Dad grew up around cattle and worked as a ranch cowboy during high school back in the ’30s. If it weren’t for World War 2 taking him from the cattle country of central Washington to the U.S. airfields of central China, he might have stayed a cowboy. But instead of keeping cattle he learned to keep aircraft flying and made a career of it in northern California at SFO.
Dad’s old now. At 93 he stands shorter than the 5 feet 3 inches he once boasted as his tallest height. He still loves horses, though, and when he moved to a place near us and found out the local university has an equestrian center he wanted to take a visit. Every time we’d get together for coffee or errands he’d bring it up.
So I called the equestrian center and asked about visitors. They said to just come on by, check in at the office, and they’d get one of the student staff to take us around.
I picked dad up at his assisted living apartment house and drove onto campus, past the dormitories and football stadium, past the medical school and veterinary hospital, onto a gravel and dirt road that wound around a bit, and finally pulled into the lane stretching between a couple of fenced pastures and up to the barn housing the tack rooms, some horse stalls and a small office.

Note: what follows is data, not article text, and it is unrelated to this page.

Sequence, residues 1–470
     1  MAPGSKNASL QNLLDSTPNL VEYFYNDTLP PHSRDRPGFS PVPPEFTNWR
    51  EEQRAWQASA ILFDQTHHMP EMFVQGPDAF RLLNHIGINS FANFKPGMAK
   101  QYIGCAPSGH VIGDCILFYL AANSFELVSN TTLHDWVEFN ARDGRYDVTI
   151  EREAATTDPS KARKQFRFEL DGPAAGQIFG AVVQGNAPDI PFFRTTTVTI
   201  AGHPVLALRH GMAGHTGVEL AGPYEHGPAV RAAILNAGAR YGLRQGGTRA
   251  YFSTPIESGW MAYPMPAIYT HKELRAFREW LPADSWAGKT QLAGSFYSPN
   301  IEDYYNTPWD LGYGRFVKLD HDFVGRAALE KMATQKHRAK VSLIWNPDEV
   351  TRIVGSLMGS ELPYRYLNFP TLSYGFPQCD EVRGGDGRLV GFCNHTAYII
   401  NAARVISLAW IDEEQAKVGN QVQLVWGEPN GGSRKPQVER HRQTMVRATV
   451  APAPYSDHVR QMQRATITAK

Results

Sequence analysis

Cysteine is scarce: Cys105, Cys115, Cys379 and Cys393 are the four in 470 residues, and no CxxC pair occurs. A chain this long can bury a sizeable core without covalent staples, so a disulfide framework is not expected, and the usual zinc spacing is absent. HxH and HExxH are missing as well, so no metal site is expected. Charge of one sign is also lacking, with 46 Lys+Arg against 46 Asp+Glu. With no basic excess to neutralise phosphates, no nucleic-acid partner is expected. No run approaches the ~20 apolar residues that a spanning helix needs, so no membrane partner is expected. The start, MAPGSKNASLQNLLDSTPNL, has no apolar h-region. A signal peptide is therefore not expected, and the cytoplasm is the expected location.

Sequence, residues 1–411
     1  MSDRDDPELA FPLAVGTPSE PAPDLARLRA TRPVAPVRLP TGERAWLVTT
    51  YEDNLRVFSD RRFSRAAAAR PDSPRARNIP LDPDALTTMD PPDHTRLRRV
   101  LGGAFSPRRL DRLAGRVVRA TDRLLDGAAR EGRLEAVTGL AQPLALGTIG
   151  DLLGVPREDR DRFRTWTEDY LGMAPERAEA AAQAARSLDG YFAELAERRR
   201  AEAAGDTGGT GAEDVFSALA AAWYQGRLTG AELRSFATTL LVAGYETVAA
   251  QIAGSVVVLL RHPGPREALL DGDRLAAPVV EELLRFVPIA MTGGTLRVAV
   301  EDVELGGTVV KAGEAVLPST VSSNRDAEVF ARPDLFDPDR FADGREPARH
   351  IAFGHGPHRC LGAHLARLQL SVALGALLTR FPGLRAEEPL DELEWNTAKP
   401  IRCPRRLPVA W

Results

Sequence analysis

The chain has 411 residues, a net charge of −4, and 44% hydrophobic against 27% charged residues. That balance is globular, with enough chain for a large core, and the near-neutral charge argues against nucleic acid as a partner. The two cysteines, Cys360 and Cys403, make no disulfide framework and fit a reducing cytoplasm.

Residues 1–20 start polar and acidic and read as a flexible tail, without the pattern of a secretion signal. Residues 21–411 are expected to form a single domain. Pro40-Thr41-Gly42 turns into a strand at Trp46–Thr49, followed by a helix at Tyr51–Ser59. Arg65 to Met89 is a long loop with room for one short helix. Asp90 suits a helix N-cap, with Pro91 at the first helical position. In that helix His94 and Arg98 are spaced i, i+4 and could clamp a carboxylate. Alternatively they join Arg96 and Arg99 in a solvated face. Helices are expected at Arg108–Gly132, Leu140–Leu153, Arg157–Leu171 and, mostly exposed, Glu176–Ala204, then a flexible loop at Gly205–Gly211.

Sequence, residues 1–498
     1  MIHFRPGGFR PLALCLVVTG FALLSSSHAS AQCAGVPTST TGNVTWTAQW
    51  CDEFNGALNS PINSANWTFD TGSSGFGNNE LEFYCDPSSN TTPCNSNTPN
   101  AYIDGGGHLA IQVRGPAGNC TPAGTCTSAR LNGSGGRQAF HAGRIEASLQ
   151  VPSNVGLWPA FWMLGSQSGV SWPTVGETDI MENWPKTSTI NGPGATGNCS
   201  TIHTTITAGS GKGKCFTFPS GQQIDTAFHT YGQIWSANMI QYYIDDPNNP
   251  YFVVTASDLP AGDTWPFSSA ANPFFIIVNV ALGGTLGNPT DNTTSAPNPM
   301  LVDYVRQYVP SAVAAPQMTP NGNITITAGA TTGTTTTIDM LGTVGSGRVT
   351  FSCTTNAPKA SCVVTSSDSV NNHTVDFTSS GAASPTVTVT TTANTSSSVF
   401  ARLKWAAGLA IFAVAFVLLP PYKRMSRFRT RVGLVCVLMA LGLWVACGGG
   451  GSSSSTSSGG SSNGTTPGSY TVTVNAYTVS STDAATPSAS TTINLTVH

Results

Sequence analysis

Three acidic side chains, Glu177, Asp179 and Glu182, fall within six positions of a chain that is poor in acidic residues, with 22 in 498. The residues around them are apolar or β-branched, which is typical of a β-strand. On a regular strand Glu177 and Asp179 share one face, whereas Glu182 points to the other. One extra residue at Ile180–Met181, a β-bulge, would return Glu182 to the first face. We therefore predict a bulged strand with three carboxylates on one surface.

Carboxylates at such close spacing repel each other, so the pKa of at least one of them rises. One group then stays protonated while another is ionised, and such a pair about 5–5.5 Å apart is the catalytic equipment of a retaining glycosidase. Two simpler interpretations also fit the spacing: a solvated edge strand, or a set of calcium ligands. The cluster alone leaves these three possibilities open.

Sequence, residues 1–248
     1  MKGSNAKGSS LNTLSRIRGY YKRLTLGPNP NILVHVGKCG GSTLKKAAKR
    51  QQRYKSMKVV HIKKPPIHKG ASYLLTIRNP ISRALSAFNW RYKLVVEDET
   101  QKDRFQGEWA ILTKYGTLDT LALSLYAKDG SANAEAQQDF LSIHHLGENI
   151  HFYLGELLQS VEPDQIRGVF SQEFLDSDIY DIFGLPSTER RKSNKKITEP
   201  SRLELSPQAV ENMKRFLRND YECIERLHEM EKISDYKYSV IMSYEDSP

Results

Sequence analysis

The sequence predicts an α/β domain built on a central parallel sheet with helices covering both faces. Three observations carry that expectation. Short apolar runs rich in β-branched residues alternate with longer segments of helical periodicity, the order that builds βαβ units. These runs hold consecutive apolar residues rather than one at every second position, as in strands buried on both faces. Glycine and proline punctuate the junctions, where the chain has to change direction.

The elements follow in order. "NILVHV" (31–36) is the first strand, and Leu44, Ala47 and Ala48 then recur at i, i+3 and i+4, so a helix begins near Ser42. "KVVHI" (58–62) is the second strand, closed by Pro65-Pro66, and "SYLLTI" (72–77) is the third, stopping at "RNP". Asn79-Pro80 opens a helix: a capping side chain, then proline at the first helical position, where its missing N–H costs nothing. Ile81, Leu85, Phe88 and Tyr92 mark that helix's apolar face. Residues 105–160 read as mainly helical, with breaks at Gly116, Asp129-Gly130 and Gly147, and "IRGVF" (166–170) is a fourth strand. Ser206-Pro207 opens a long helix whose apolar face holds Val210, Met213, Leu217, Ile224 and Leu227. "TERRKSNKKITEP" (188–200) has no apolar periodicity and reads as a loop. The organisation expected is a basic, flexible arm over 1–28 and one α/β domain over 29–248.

One of the students, a graduating senior, pulled by on a quad with a couple hay bales on the back. She stopped by a shed, unloaded the hay, then walked back toward us.
“We were hoping to look around,” I said. “I was told someone might be able to help us out.”
Kate took us through the barn and by the covered arena, describing the different activities. There was a dressage ring, a green pasture with low fences for hunters and jumpers, a farrier’s shed. Only students are permitted to board horses there. No faculty or public horse owners allowed, in an effort to keep costs down to something affordable for the students bringing their horses from home.
The last stop was to see Kate’s horse, Magic. He’s old, like my dad. And tall, unlike my dad. Dad asked Kate if he could go in the stall.
“Sure. He’s very gentle.”
Dad stepped in. The top of his head came well below Magic’s shoulder. Dad spoke softly to him and reached his hand up to stroke Magic’s neck. Magic lowered his head, nuzzled dad for a moment, then tucked his nose right into dad’s shoulder and left it there.
Magic stood like that for about five minutes, almost cuddling into dad as dad stroked his neck and continued to murmur soft words to him. Eventually dad dropped his hand and stepped out of the stall.
“He’s a good old horse.”
We said thank you to Kate and drove away, back down the lane, onto the gravel road, past the medical school and football stadium, and into town.
With memories of an old cowboy and an old horse sharing a moment together.